Olson combines a delightful blend of history, philosophy, theology and a great sense of humor. Please tell the Roman senators to regard us as the true Christians. Seek that which is above, and you will find it within. God in Dispute is an enjoyable book that covers a lot of material. His knowledge of Christianity was limited, but he seems to have gone to some trouble to find out what Christians believed even if he sometimes got it wrong.
All this raises the question that Celsus must have considered: who were the true and authentic Christians of the second century? It traces the history of theology via such conversation partners as and Pelagius, and , and Brunner, and and. This is perfect for any geeky theology nerds, or, to be honest, anybody willing to work through some of the greatest debates with the greatest minds of Western history. But the Christ-spirit came back to teach a few of the disciples the secret wisdom that most mortals cannot handle: that the human soul is a spark of God. Doubtless, however, they knew of each other, and if Celsus had tried to bring three great Christian leaders of his time to Rome, he might have chosen these three. The early church chose order to the detriment of spiritual enthusiasm.
Throughout Christian history, Gnostic-like sects secretly passed down what scholars call esoteric Christianity. Olson delivers a unique way of communicating the ideas of important theologians that result in better understanding for the reader. But rather than ponderous discourses on the subjects, he presents the key ideas of each speaker through lively—and sometimes humorous—dialogue. The purpose is to present a composite account of what we think these men believed and might have said to each other. Montanus lived in Asia Minor now Turkey and led a group of Christians who called their movement The New Prophecy. This approach offers readers an entertaining, informative, and concise history of Christian thought.
This approach offers readers an entertaining, informative, and concise history of Christian thought. All the groups claiming Christian authenticity could not have been right, unless one is willing to reduce Christianity to folk religion and mere opinion. These included alleged sayings of Jesus that supported Gnostic beliefs. Above all, listen to and obey my prophets. God in Dispute is an enjoyable book that covers a lot of material.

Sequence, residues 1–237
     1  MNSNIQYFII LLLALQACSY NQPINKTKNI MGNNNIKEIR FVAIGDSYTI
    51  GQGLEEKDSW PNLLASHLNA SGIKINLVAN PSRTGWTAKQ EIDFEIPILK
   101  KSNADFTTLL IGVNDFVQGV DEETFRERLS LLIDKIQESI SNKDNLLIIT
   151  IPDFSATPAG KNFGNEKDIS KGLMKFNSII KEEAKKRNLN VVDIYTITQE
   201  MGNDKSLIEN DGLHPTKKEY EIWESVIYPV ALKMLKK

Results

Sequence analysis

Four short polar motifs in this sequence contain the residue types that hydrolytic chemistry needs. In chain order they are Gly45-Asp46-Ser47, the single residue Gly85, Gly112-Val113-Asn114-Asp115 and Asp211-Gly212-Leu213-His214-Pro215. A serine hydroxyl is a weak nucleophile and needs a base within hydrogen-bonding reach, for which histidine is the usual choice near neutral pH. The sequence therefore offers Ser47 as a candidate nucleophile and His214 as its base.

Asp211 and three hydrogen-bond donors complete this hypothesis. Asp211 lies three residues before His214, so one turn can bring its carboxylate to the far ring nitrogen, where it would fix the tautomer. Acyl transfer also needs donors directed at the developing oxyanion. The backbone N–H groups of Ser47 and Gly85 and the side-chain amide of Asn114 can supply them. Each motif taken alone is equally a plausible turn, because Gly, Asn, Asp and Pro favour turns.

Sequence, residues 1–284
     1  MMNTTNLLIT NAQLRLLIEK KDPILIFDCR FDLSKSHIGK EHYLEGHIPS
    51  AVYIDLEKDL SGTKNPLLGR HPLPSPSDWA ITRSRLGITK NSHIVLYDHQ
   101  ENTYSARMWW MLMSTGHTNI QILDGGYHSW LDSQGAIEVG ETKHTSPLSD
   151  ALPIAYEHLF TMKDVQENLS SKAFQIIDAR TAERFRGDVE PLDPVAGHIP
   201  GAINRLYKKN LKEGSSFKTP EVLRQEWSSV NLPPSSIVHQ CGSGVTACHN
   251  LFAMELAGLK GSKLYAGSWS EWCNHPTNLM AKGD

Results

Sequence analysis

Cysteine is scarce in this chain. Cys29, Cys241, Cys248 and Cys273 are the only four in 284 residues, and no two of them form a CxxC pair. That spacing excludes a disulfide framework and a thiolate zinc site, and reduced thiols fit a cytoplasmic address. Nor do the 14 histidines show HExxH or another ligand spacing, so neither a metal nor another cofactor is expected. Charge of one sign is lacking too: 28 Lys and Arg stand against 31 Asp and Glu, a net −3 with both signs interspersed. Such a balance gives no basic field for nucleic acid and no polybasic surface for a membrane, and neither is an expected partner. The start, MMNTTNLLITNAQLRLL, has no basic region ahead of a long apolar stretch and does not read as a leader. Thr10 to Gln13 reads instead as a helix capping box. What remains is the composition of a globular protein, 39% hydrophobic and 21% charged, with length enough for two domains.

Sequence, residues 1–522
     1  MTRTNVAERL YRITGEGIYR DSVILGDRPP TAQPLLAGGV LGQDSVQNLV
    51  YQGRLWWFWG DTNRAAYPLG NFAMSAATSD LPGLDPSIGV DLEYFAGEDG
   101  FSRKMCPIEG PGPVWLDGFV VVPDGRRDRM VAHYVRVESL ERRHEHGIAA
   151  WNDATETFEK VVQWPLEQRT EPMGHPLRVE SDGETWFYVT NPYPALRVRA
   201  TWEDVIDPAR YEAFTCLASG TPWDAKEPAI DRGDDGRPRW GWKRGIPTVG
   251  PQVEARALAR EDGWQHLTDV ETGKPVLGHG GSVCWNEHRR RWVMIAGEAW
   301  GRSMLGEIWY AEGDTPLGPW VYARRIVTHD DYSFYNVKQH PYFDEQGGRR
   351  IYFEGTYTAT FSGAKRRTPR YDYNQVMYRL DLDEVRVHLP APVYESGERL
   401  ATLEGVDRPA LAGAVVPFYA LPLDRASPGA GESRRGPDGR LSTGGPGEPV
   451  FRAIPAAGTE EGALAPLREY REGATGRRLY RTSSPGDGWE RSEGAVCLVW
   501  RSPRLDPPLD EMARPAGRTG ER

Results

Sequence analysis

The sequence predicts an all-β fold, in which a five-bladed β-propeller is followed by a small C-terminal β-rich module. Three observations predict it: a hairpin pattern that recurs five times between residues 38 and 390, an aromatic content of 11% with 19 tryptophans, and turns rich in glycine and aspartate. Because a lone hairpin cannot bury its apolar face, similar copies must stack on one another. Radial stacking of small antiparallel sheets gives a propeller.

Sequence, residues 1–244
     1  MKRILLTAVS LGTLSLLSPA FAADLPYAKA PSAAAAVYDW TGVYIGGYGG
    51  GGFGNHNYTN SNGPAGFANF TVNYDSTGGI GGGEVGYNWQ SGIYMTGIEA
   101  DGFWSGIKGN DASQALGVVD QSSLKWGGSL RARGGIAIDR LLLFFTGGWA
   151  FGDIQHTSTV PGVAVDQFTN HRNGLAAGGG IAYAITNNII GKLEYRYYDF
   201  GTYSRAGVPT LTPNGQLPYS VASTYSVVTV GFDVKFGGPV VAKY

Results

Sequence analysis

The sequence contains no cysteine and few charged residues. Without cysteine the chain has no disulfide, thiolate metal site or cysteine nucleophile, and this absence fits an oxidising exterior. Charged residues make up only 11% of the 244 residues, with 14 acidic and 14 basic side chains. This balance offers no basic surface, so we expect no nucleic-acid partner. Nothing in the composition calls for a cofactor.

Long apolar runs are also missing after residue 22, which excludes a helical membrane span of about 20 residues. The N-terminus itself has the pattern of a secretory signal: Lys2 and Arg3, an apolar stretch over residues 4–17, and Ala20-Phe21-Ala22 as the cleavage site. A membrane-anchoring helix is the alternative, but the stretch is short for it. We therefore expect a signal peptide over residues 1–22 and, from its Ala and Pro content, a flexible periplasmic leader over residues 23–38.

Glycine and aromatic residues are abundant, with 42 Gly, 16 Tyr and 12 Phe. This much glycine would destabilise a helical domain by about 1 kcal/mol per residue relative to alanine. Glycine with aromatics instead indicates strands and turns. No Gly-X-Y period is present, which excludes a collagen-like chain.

Fifth-Century Bishop Augustine of Hippo and British Monk Pelagius Argue about Sin and Salvation 10. Olson Published by Baker Academic a division of Baker Publishing Group P. Second- and Third-Century Leaders Irenaeus, Tertullian, and Clement Discuss Beliefs Necessary to Be a True Christian 4. But he also wrote treatises against heretics such as Marcion and Praxeas, both of Rome. The Greek philosophers knew that the gods and goddesses of folk religion are not real; they taught their followers to think of the divine source as one, as spiritual, and as moral. But I will say this: your true doctrine of Greek philosophy is partly right. He was a lawyer who undertook to explain Christianity, at least from his own perspective, to Romans and others.
Matter is a prison of the soul-spirit. Twentieth-Century Ethicists Rauschenbusch, Niebuhr, Gutiérrez, Yoder, and Olasky Dispute the Meaning of Justice 25. Each chapter also offers a couple of books for further reading. Each imagined dialogue includes a brief summary that introduces the figures under consideration and places them in the history of theology, a more detailed assessment of the thinkers and theological issues presented, and a guide for further reading. The body, being material, is the seat of sin. After reading his book, one could hardly imagine an intellectual Christian.